JOHN B. DONQUI-IS
Kalinga as a political domain was non-existent during the 300 years of Spanish colonial rule. Spanish writers towards the 18th century merely noted that there were inhabitants of the mountain region at the central dorsal expanse of what the Spaniards called the Gran Cordillera (mountains) of Luzon. The name “Kalinga” apparently is not indigenous to the present Kalinga constituency since the word is traced to “Gaddang” dialect.
The name referred to the mountaineers on the eastern side of Gran Cordillera who, during those years of Spanish occupation of the Cagayan Valley, pestered lowlanders with their head-hunting raids. Kalinga as name stuck with those mountain dwellers occupying now the territory of Kalinga Province.
Kalinga was first organized as a political realm under the American political rule when Mountain Province was created by the Philippine Commission Act 1876 on August 18, 1912. It was one of the five sub-provinces then of Mountain Province when it was divided into several, sub-provincial units along ethnic lines.
By an act of Congress, Kalinga was lumped with Apayao as one separate province by RA 5695 which divided Mountain Province into four subprovinces on June 18, 1966. Kalinga became a separate province by virtue of RA 7878 which divided the Kalinga-Apayao provinces into two in 1992.
The province is constituted by eight municipalities namely, Balbalan, Pasil Lubugan, Pinukpuk, Rizal, Tabuk, Tanudan and Tinglayan. Tabuk is the capital town.
The Province of Kalinga is located centrally in the Cordillera region, bounded on the north by Apayao province, South by Mountain Province, east by Cagayan and Isabela and west by the Province of Abra.
The topography of the province is mountainous, rugged with its highest mountain peak rising 6,000 ft above sea level– Mt. Sapocoy which towers over the province of Abra and Kalinga. Its lowland plains called the Laya Valley is a fertile alluvial land covered by the municipality of Tabuk, Pinukpuk and Rizal. Mountain peaks ranging from 1,500 to 2,500 meters. Average temperature ranging from 17 to 22 degrees Celcius and Type III weather patterns. Dry season extends from November to April. The rest of the year is wet and the heaviest rainfall were recorded in the months of July and October.
Soil type of the province is loam.
Kalinga’s growth rate from 1980 to 1990 is among the lowest in the Cordillera Administrative Region with 1.83% as the average growth rate. At present, Kalinga has a population of 137, 074. Among the eight municipalities, Tanudan has the highest average annual growth with 3.95 followed by the capital town of Tabuk with 2.95 percent. Pasil has the lowest growth rate of 0.98 percent.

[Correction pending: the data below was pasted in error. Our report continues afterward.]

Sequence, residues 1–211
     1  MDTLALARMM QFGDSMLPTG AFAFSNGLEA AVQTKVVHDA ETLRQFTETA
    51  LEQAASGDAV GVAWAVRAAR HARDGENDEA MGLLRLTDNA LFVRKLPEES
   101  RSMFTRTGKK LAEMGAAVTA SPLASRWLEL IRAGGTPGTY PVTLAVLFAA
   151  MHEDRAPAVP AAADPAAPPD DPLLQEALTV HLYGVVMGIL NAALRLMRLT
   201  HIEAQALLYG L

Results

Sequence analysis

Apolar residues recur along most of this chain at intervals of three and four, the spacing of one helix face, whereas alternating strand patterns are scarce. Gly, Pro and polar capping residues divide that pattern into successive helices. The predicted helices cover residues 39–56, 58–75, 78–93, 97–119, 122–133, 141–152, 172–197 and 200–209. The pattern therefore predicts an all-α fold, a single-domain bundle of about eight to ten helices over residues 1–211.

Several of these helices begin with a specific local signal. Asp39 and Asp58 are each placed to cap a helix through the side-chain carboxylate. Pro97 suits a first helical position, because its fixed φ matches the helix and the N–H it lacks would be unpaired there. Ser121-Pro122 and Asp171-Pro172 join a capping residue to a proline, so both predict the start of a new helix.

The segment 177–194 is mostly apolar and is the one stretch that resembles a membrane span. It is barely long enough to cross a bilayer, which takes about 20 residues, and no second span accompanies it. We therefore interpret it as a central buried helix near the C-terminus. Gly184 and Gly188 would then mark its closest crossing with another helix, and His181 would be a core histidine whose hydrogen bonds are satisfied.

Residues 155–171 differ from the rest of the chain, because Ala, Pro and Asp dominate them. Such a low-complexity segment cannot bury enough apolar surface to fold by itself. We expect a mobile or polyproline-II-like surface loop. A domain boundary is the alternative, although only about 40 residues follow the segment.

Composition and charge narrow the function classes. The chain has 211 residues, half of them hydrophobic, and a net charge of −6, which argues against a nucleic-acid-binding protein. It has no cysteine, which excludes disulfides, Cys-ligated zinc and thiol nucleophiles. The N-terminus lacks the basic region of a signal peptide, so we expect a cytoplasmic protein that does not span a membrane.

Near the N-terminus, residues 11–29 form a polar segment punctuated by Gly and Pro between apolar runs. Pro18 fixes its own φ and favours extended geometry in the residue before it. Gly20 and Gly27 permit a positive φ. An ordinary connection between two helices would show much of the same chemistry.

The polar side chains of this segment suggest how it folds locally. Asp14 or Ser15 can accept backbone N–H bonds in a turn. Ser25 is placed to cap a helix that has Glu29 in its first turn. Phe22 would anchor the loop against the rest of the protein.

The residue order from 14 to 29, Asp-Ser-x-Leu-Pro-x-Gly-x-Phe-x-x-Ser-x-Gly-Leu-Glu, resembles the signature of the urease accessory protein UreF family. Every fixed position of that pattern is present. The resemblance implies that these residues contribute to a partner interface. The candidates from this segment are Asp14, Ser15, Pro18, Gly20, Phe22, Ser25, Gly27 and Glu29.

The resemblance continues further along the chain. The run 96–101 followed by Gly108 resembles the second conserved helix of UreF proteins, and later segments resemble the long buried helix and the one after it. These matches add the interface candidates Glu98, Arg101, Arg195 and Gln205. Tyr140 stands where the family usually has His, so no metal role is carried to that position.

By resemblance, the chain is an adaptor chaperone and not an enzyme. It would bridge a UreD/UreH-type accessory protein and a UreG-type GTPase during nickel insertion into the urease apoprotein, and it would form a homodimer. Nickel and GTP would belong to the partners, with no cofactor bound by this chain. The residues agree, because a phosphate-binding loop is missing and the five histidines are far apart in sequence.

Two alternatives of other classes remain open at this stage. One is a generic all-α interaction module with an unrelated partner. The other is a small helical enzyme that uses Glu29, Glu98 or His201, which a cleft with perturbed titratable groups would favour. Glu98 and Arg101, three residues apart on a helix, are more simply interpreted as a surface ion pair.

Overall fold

The 1990 provincial population is distributed by age group as: 0-14 years old which comprises 43 percent (58,221); 15-64 years old with 54 percent (74,240); and 65 years old and above accounting for only 3 percent. The 1990 figure further shows that the procvince has dependency ratio of 83.43 percent or there were 83 persons in the dependent ages for every 100 persons in the working or productive ages.
In terms of growth rate, population ages 65 or over posted the fastest with 2.86 percent annually from the 1980 population level, persons age 15-64 years old exhibited an annual growth rate with 1.96 and those ages 0-14 years old increased at the rate of 1.59 percent.
As of 1990, Kalinga has one of the lowest population density in the Cordillera Administrative Region with 44 per square kilometer, a total area (sq. km) of 3119.4 and a population of 137,074. Kalinga shares 17 percent of the CAR area; 12 percent of the region’s population. Tabuk, the capital town posted the highest population density of 89 per square kilometer while the municipality of Balbalan is sparsely populated with a density of 18 per square kilometer.
Indigenous Groups and their Characteristic and/or Rituals that makes them Unique
There are 31 Subtribes of the Kalinga Ethnolinguistic Group distributed over the eight municipalities of the province. They are the following:
|1. Alingag (Salegseg)||Balbalan|
|3. Banao||Balbalan (Pantikian, Talalang, Balbalasang)|
|12. Calaccad (Gaddang)||Tabuk|
Each of these subtribes can be identified, principally from their dialect which has dissimilarities in diction, pronounciation and most especially in the phonetic letters and the fricative and voiceless expression of their speech.
Example of this is the letter “l”. The Southern Kalinga pronounces the “l” as “r” while the northern Kalinga group has the “l” voiceless. In Balbalan, the Alingag (Salogsog) pronounces the “l” as “y” while in Buwaya, the “l” is voiced as if it is “r” or “l”.
In rituals, Kalingas in general have commonalities in certain ceremonial rites but as denominated in culture into northern and southern Kalinga some rituals are practices as common among these two ethnolinguistic groups.
The beauty in the multilingual, ethnolinguistic groups of Kalinga is that while they speak in different tongues, they understand each other.
|John B. Donqui-is is a native of Balbalan, Kalinga who has settled inter-tribal conflicts. He wrote and coordinated the documentation of the Pagta, Law of the Kalinga Bodong, which was adapted last Sept. 13, 1998.|